Please use this identifier to cite or link to this item: http://doi.org/10.25358/openscience-6592
Authors: Heidke, Inken
Hartland, Adam
Scholz, Denis
Pearson, Andrew
Hellstrom, John
Breitenbach, Sebastian F. M.
Hoffmann, Thorsten
Title: Lignin oxidation products in soil, dripwater and speleothems from four different sites in New Zealand
Online publication date: 7-Dec-2021
Language: english
Abstract: Lignin oxidation products (LOPs) are widely used as vegetation proxies in climate archives, such as sediment and peat cores. The total LOP concentration, Σ8, provides information on the abundance of vegetation, while the ratios C/V and S/V of the different LOP groups also provide information on the type of vegetation. Recently, LOP analysis has been successfully applied to speleothem archives. However, there are many open questions concerning the transport and microbial degradation of LOPs on their way from the soil into the cave system. These processes could potentially alter the original source-dependent LOP signals, in particular the C/V and S/V ratios, and thus complicate their interpretation in terms of past vegetation changes. We analyzed LOPs in leaf litter and different soil horizons as well as dripwater and flowstone samples from four different cave sites from different vegetation zones in New Zealand using ultrahigh-performance liquid chromatography coupled to high-resolution mass spectrometry. We test whether the original source-dependent LOP signal of the overlying vegetation is preserved and can be recovered from flowstone samples and investigate how the signal is altered by the transport from the soil to the cave. The LOP concentrations range from mg g−1 in the soil to ng g−1 in the flowstones. Our results demonstrate that, from the soil to the flowstone, the C/V and S/V ratios both increase, while the total lignin content, Σ8, strongly decreases. This shows that the LOP signal is strongly influenced by both transport and degradation processes. Nevertheless, the relative LOP signal from the overlying soil at the different cave sites is preserved in the flowstone. We emphasize that for the interpretation of C/V and S/V ratios in terms of past vegetation changes, it is important to compare only samples of the same type (e.g., speleothem, dripwater or soil) and to evaluate only relative variations.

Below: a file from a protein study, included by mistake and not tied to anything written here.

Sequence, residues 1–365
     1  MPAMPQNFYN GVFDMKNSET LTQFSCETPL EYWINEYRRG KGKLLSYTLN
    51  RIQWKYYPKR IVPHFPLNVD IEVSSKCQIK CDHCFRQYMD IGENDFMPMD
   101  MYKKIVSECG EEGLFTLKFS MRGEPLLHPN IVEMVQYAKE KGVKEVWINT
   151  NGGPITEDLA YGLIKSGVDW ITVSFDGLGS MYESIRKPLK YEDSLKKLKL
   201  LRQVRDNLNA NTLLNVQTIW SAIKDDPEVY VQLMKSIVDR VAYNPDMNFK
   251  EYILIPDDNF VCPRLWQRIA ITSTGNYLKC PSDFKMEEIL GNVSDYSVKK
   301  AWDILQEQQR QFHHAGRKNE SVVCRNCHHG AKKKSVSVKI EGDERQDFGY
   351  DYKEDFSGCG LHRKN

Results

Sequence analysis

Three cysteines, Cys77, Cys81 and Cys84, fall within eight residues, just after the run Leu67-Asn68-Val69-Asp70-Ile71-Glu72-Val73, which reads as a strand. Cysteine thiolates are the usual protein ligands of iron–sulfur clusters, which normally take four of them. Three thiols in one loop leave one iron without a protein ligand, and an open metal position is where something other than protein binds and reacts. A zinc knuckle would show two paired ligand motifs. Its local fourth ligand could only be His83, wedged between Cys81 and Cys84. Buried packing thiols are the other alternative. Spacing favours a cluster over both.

DDC: 540 Chemie
540 Chemistry and allied sciences
550 Geowissenschaften
550 Earth sciences
Institution: Johannes Gutenberg-Universität Mainz
Department: FB 09 Chemie, Pharmazie u. Geowissensch.
Place: Mainz
DOI: http://doi.org/10.25358/openscience-6592
Version: Published version
Publication type: Zeitschriftenaufsatz
License: CC BY
Information on rights of use: https://creativecommons.org/licenses/by/4.0/
Journal: Biogeosciences
18
7
Pages or article number: 2289
2300
Publisher: Copernicus
Publisher place: Katlenburg-Lindau u.a.
Issue date: 2021
ISSN: 1726-4189
Publisher URL: https://doi.org/10.5194/bg-18-2289-2021
Publisher DOI: 10.5194/bg-18-2289-2021
Appears in collections:JGU-Publikationen

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